Who deserves praise and criticism this week in Northern Utah?

Monday , March 05, 2018 - 4:30 AM

STANDARD-EXAMINER EDITORIAL BOARD

Each week the Standard-Examiner hashes out issues large and small and takes a thumbs-up, thumbs-down stance. Here’s what we recommend this week for praise and criticism:

THUMBS UP: To Bob Quick, the “Forrest Gump on a bike” and newly-minted honorary Roy City firefighter.

Quick, of Ogden, has done several cross-country bike rides. But he’s also been through 26 heart surgeries. At age 56, he’ll soon take is last long ride to Lexington, Kentucky, now that his doctors advise against taking on such strenuous challenges.

What could have been a life cut short turned into an opportunity for a man to make the most of what he loves. Fourteen years ago, paramedics with the Roy City Fire Department saved his life. Quick never forgot it and has often dedicated his rides to raising awareness for all that the fire departments do for the community.

THUMBS UP: To the Weber School District getting its first International Baccalaureate program.

Through the program, students at Weber High School can graduate primary school with as many as 30 college credits — a sophomore standing at most colleges and universities. Students from other schools in the district can apply for the program, too.

It’s challenging, rigorous coursework but it’s also an excellent opportunity. It’s not easy to become accredited but Weber High Principal Velden Wardle said the school has been considering the program for about six years, since the school’s community council first expressed interest in it.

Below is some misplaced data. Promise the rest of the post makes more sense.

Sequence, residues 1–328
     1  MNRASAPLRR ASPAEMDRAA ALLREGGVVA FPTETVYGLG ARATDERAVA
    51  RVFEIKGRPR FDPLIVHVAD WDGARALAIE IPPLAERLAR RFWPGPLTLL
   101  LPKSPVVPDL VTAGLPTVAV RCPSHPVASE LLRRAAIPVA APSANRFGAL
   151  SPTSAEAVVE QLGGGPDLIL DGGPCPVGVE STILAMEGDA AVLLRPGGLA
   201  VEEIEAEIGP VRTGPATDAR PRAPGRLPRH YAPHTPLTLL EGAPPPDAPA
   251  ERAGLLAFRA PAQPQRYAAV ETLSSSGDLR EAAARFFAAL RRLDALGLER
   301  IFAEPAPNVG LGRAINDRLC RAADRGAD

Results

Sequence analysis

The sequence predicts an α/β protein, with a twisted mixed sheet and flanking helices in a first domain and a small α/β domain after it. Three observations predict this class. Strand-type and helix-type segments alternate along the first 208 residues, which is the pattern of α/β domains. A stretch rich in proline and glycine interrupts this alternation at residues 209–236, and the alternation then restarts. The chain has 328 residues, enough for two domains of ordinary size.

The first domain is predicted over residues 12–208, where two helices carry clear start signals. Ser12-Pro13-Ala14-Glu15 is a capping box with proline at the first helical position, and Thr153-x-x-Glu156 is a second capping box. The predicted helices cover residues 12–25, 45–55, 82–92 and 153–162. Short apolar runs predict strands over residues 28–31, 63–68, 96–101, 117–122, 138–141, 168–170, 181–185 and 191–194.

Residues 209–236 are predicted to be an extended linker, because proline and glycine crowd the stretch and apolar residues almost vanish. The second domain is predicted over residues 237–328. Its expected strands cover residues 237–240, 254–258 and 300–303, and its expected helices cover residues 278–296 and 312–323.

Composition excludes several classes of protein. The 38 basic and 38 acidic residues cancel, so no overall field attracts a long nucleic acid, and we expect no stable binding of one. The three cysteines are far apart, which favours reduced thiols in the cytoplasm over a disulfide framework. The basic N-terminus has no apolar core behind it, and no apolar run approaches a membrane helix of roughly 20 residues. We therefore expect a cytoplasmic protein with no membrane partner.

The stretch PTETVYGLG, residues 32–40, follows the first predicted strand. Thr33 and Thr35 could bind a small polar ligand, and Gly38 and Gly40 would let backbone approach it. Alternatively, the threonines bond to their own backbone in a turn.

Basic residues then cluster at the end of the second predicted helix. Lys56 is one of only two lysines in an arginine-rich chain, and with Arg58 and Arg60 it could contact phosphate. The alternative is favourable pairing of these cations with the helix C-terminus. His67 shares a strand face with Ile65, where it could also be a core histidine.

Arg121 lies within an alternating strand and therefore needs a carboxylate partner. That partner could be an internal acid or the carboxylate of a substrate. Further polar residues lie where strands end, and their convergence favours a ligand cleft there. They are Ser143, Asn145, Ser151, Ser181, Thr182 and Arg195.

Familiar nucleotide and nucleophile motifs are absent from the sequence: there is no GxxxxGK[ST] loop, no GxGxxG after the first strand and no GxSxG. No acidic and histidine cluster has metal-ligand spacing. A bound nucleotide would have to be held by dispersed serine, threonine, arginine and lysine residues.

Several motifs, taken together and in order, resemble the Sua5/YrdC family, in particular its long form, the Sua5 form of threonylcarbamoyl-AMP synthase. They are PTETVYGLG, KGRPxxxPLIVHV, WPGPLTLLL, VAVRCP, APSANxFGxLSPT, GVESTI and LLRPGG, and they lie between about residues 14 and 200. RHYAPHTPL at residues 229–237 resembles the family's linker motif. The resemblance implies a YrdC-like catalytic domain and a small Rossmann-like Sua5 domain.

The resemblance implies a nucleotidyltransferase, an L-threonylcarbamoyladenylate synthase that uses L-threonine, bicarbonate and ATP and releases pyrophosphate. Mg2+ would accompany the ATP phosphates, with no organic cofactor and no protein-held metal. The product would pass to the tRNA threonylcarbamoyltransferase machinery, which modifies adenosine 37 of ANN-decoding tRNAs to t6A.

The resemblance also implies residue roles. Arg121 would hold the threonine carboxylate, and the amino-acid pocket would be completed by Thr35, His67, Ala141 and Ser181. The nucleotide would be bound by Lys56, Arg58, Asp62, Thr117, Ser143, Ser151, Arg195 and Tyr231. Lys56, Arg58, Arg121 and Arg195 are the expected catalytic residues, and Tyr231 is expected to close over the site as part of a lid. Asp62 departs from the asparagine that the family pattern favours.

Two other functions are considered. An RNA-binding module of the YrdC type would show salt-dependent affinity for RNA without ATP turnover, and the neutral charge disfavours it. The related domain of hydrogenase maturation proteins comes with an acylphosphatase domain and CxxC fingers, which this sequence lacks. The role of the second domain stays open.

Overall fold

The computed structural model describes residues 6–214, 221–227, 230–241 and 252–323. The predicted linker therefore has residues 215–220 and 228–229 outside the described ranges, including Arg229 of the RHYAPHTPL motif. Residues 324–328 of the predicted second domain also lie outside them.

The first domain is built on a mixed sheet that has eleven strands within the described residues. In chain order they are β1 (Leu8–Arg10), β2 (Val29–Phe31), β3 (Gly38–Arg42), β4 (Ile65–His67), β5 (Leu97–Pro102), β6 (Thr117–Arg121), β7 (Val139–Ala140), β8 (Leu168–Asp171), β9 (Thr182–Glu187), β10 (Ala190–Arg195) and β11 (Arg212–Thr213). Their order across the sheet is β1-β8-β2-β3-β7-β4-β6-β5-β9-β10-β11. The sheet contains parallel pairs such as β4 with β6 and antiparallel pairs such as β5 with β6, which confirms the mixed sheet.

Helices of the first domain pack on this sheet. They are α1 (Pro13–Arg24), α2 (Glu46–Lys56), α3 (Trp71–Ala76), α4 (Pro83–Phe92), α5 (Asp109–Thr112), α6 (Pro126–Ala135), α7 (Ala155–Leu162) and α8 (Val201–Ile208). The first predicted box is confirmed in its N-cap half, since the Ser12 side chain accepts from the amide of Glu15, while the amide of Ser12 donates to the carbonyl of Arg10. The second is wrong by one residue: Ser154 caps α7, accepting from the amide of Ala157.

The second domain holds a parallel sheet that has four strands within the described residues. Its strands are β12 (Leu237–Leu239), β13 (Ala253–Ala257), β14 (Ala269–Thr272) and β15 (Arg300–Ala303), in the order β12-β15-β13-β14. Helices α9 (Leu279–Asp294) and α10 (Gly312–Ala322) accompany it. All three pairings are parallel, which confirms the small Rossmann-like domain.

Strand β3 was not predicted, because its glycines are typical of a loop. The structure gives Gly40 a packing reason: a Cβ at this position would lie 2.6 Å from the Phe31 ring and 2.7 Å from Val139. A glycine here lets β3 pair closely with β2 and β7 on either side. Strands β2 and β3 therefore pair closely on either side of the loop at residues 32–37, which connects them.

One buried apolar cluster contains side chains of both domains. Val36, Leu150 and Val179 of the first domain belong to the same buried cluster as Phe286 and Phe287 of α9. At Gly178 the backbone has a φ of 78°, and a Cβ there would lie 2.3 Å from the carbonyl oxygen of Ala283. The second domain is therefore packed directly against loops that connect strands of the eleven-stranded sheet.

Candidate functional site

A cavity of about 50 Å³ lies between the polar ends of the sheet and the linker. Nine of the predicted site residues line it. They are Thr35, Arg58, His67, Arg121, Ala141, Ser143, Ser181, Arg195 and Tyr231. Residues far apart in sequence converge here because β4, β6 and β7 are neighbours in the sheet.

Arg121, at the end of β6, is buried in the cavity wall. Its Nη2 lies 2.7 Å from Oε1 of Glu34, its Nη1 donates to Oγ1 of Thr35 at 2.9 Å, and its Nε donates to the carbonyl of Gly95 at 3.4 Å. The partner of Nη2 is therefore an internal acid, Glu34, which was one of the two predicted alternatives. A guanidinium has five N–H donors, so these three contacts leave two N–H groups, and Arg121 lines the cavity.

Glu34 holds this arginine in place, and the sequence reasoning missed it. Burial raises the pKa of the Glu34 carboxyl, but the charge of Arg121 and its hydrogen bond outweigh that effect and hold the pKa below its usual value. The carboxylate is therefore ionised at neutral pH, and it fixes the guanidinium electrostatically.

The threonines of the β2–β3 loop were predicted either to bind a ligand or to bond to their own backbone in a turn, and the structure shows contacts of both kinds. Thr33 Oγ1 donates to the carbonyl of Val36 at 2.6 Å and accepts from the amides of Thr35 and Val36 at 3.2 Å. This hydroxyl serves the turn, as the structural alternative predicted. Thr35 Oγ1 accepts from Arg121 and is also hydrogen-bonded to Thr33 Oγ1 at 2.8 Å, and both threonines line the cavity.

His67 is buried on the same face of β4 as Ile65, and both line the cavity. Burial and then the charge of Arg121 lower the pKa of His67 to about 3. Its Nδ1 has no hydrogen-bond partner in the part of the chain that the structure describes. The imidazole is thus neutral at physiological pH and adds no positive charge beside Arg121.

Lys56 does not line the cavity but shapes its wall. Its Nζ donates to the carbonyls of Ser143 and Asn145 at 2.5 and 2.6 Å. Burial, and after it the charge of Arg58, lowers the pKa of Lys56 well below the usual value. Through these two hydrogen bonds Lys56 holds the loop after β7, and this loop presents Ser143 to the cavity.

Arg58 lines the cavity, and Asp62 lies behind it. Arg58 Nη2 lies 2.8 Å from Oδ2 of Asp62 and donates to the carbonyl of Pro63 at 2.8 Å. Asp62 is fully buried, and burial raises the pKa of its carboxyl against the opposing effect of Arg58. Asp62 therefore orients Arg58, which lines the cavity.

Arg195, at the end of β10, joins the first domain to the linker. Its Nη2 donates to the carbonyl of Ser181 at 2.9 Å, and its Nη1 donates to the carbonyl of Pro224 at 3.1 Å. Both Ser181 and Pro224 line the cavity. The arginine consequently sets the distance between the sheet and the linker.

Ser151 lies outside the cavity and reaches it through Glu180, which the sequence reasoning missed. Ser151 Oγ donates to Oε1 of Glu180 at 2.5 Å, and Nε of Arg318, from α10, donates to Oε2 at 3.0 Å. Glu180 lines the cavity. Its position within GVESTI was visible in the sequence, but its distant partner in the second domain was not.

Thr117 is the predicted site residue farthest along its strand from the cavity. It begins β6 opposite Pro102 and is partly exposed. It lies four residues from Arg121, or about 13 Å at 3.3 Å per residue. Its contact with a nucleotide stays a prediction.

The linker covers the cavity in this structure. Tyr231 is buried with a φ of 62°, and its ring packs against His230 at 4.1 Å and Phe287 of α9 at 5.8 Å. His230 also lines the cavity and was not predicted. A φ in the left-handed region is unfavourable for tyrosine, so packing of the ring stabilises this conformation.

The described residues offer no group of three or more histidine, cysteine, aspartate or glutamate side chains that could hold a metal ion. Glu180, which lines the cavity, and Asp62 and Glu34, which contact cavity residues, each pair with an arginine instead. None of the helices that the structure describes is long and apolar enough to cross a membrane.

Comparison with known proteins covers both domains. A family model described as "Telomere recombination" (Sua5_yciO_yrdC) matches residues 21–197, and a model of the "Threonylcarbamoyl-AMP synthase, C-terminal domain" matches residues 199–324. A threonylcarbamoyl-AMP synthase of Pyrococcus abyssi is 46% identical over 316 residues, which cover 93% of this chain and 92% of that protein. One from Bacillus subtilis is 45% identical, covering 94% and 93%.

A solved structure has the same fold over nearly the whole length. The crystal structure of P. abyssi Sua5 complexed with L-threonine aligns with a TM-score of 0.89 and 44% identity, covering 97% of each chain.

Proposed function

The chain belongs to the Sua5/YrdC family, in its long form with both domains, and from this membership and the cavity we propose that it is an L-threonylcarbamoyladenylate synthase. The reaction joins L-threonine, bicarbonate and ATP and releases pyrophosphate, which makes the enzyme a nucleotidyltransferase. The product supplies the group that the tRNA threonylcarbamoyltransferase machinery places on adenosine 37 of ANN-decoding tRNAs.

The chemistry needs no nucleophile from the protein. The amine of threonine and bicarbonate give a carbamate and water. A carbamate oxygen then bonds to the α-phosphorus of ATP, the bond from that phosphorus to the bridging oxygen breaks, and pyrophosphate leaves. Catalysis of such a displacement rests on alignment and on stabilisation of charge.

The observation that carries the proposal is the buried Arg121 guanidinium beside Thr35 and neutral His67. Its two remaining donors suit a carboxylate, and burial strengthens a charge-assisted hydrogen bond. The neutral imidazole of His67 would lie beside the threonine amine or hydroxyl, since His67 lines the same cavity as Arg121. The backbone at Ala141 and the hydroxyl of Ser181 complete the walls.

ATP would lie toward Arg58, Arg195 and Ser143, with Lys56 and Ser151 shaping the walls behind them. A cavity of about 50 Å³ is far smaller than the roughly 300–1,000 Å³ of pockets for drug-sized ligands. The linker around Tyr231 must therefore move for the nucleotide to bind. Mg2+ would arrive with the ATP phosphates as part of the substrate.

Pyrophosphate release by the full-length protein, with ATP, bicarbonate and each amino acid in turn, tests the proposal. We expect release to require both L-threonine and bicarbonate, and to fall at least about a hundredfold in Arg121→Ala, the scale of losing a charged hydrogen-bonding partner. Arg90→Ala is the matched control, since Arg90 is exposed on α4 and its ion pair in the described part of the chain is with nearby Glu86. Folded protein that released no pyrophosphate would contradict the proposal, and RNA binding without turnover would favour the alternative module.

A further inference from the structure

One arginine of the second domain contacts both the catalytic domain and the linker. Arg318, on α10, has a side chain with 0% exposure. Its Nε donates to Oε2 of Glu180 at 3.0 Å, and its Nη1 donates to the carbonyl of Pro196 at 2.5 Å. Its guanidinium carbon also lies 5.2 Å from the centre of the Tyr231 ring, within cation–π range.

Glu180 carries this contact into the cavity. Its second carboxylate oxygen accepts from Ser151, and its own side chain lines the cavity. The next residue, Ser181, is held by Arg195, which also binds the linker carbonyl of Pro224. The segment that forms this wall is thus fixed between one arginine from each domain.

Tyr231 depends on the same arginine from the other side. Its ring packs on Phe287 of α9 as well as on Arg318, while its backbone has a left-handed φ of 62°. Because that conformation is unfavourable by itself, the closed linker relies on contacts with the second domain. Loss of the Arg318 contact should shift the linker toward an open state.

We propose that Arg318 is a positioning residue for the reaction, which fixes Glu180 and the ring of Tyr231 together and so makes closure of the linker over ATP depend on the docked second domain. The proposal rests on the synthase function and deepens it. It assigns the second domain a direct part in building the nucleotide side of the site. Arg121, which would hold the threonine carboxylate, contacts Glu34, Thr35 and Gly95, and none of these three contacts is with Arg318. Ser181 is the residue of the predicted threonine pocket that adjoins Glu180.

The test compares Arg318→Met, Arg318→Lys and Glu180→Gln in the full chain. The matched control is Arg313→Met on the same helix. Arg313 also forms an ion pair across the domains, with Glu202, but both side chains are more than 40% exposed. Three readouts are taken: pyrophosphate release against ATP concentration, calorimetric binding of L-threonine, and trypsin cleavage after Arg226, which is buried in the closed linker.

Offering a leg-up for students no matter their goals is what a district is supposed to do, and this is a good thing for Weber district’s kids.

THUMBS DOWN: To forging petition signatures.

Two people, a 21- and 22-year-old, face a handful of felony and misdemeanor charges after collectively forging close to 500 signatures for the Utah Medical Cannabis Act and for the Direct Primary Election Act. The two were paid a sum of $2,080.45 because the company they worked for paid its staff by the signature.

It doesn’t seems shocking that any person remotely hard-up for cash could be fallible to the temptation of adding signatures. But the repercussions can’t be overstated. It’s an American right to petition the government when lawmakers aren’t responding to the will of the people. Messing with that right is egregious.

Thankfully, we have election officials who take their jobs more seriously than the signature-gatherers did.

“I’ve been asked if we really review every signature in an election or a petition,” Weber County Clerk and Auditor Ricky Hatch in a statement last week. “Yes, we do.”

THUMBS DOWN: To Utah’s congressional lawmakers for their ulterior motives on shrinking Bears Ears and Grand Staircase Escalante national monuments.

Sen. Orrin Hatch, among others, argued that the monuments were a “land grab” by the federal government and needed to be reduced.

But recently released emails sent before the decision to shrink the monuments show Hatch was primarily concerned about mining and drilling for oil and natural gas.

And then he had the chutzpah to say he was glad the emails were made public, claiming his motives were for the children and school funding.

So which is it? Protecting Utahns from government overreach or providing more education funding for children? The answer doesn’t seem to be backed by either response.

More to the point, why didn’t he tell us the truth in the first place?

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